Ohio State College of Social Work faculty are off to a great start this year and 2012 promises to be just as productive in the areas of research and funding. Last year, faculty published nearly 60 peer-reviewed articles and conducted research in community settings ranging from adult day care centers to therapeutic recovery communities. Here’s a sampling of early 2012 funding that’s made much of their research possible.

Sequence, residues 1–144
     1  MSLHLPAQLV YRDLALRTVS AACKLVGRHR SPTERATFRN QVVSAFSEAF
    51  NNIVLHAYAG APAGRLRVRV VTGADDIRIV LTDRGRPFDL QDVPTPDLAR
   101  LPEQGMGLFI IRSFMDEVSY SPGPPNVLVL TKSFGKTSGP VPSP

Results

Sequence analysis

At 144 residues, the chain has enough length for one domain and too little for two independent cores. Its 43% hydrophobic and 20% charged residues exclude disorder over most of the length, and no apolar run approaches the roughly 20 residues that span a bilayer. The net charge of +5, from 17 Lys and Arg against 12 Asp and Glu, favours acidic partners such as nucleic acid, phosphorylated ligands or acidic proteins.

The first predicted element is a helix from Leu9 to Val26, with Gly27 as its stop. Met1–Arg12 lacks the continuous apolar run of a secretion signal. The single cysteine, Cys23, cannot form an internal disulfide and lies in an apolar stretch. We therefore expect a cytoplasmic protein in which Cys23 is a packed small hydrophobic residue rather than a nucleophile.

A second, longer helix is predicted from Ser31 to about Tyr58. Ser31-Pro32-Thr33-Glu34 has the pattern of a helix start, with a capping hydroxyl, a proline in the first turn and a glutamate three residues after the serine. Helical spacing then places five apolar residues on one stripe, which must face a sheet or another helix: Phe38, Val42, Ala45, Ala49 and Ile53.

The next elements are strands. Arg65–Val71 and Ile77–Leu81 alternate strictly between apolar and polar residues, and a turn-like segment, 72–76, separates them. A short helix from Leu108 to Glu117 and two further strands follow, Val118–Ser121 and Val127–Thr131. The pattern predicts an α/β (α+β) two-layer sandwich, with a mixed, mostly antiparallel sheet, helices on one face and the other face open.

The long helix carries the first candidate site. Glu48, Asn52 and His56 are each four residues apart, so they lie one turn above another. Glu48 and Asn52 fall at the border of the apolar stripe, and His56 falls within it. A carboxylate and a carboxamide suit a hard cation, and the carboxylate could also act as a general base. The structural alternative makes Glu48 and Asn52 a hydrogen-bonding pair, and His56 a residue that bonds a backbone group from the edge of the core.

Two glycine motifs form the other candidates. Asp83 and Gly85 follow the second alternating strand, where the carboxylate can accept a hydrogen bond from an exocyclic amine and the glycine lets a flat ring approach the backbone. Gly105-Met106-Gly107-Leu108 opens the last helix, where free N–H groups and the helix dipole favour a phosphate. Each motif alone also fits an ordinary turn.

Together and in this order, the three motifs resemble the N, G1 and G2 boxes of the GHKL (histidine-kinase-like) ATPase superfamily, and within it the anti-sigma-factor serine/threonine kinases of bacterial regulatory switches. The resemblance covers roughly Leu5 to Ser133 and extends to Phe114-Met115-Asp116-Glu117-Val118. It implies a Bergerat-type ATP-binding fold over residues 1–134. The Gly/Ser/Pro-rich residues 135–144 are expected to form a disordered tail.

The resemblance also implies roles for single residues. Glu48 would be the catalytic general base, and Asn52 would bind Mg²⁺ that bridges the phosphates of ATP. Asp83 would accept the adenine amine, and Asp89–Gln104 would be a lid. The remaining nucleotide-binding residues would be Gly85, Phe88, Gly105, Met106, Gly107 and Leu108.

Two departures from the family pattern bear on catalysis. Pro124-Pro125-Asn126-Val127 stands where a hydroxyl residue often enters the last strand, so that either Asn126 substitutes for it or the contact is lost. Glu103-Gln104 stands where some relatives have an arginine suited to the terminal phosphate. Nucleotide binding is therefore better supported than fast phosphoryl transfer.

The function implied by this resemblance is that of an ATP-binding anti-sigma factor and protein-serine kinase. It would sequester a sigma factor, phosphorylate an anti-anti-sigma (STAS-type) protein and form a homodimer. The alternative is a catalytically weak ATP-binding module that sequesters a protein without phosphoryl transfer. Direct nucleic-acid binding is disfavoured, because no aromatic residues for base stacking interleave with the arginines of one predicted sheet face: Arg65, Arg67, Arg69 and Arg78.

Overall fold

- Dr. Dawn Anderson-Butcher: Principal Investigator of the Community Youth Collaborative Institute at Ohio State (CAYCI), recently received funding from the Ohio State University Office of University Outreach & Engagement (O&E) to complete an assessment of the Executive Principals Leadership Academy (EPLA). The EPLA is an executive training program designed as part of the federal Race to the Top school improvement initiative. O&E is partnering with the Fisher College of Business and the Ohio Department of Education to implement the EPLA. The overall mission of the EPLA is to provide guidance and support that will improve academic culture state-wide and support student achievement. Specifically, the EPLA provides state-wide leadership training and technical assistance to secondary school principals focused on six instructional pillars: (1) organizational leadership and management; (2) goal setting; (3) team-building and communication; (4) cultural understanding; (5) accountability and responsibility; and (6) educational strategy. The purpose of this research is to evaluate the EPLA as an innovative model of principal leadership training. More specifically, this study will explore the benefits, impacts, limitations, challenges/barriers, and lessons learned as a result of implementing the EPLA. Understanding this important model will provide vital information in relation to principal training and professional development focused on school improvement priorities.